UCL will not reinstate Sir Tim Hunt

But university governing body says it recognises ‘distress’ caused to Nobel laureate and his UCL scientist wife by his dismissal

July 10, 2015
Sir Tim Hunt
Source: Getty

The governing council of University College London has reviewed the circumstances surrounding the resignation of honorary professor Sir Tim Hunt after his “trouble with girls” comments.

In a statement released on 9 July, UCL said that there were “lessons to be learned” about the communication process but that it would not be appropriate to reinstate the Nobel prizewinner.

It added that it “recognises the distress caused to Sir Tim and Professor Mary Collins”, his wife, who also works at the institution.

Speaking at an event in South Korea for science journalists in June, Sir Tim said that “girls” fall in love with men while working in laboratories and cry when they are criticised. He also reportedly said that he was in favour of single-sex laboratories.

Sir Tim apologised for the comments in a pre-recorded message for BBC Radio 4’s Today programme broadcast on 10 June, and added that he had intended his remarks to be humorous.

The story garnered a huge amount of press coverage, and Sir Tim subsequently resigned from his honorary professorship in the Faculty of Life Sciences at UCL and from positions on the Royal Society’s Biological Sciences Awards Committee and the European Research Council’s science committee.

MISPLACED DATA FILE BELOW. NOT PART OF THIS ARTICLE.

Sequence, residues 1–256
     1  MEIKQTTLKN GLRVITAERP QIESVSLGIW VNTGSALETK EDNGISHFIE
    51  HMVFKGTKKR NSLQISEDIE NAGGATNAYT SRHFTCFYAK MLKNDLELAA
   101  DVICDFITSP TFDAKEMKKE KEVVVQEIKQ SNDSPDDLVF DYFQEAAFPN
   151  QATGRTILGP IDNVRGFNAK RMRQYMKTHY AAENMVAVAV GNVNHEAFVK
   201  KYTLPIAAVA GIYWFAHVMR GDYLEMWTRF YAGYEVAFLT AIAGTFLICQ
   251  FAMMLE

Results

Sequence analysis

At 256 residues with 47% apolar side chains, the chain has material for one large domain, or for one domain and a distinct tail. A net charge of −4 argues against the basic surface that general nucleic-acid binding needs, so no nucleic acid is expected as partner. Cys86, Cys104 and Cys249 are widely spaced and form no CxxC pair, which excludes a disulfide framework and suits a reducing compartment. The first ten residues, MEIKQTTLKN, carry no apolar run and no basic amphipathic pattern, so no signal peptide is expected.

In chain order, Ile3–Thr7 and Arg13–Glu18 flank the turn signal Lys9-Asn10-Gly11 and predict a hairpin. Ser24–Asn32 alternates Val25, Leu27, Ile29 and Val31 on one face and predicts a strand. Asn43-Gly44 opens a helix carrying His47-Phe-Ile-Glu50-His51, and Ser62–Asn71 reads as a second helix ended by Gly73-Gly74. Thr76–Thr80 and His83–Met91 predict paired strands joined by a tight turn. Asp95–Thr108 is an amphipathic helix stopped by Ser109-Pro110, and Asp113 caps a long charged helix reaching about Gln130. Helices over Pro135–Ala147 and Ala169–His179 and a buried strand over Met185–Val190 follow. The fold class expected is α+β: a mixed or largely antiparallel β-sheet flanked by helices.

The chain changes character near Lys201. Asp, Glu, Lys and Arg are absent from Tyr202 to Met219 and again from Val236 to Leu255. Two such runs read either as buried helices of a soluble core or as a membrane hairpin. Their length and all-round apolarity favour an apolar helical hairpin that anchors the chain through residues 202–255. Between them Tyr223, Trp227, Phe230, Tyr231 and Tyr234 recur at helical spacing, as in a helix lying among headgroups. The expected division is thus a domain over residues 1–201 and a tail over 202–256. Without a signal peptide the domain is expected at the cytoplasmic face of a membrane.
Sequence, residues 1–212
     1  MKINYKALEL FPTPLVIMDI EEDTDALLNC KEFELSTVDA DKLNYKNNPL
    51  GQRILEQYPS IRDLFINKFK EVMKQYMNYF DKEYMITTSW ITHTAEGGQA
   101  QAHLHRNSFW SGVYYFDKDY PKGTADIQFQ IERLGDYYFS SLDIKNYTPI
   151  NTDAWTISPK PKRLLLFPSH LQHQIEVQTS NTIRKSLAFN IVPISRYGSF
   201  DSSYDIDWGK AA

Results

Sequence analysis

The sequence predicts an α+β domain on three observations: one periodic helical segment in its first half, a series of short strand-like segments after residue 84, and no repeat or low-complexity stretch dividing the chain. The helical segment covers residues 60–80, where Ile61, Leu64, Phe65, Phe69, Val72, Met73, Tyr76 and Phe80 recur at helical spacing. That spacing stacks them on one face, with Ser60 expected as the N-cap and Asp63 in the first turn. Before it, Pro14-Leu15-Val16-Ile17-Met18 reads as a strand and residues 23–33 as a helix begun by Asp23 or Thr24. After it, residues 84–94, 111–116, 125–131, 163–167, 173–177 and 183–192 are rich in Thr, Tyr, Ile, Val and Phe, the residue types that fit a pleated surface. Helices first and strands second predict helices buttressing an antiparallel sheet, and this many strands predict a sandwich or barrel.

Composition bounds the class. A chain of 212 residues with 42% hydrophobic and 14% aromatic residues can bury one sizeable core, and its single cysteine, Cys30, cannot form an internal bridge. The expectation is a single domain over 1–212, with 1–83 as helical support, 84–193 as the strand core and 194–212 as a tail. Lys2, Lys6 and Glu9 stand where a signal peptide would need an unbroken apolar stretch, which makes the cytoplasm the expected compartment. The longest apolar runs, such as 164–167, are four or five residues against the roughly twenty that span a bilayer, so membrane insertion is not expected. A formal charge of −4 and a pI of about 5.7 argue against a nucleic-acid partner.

Professor Collins subsequently spoke out in an interview with The Observer newspaper saying that UCL had pressured Sir Tim to resign without asking for his side of the story and had offered no support to either scientist.

UCL said that it had now reviewed “all of the circumstances” of Sir Tim’s resignation.

In a statement, the institution said: “Having seen the relevant correspondence, including the exchange of emails between Sir Tim and UCL, the council is satisfied that his resignation was accepted in good faith.

“The subsequent extent of media interest was unprecedented, and council recognises the distress caused to Sir Tim and Professor Mary Collins. Council acknowledges that all parties agree that reinstatement would be inappropriate,” it added.

“Council recognises that there are lessons to be learned around the communication process.  Consequently it has requested that the executive undertake a review of its communications strategy,” it said.

Sir Tim became a fellow of the Royal Society in 1991 and he was awarded the 2001 Nobel Prize in physiology or medicine with Sir Paul Nurse and US researcher Lee Hartwell.


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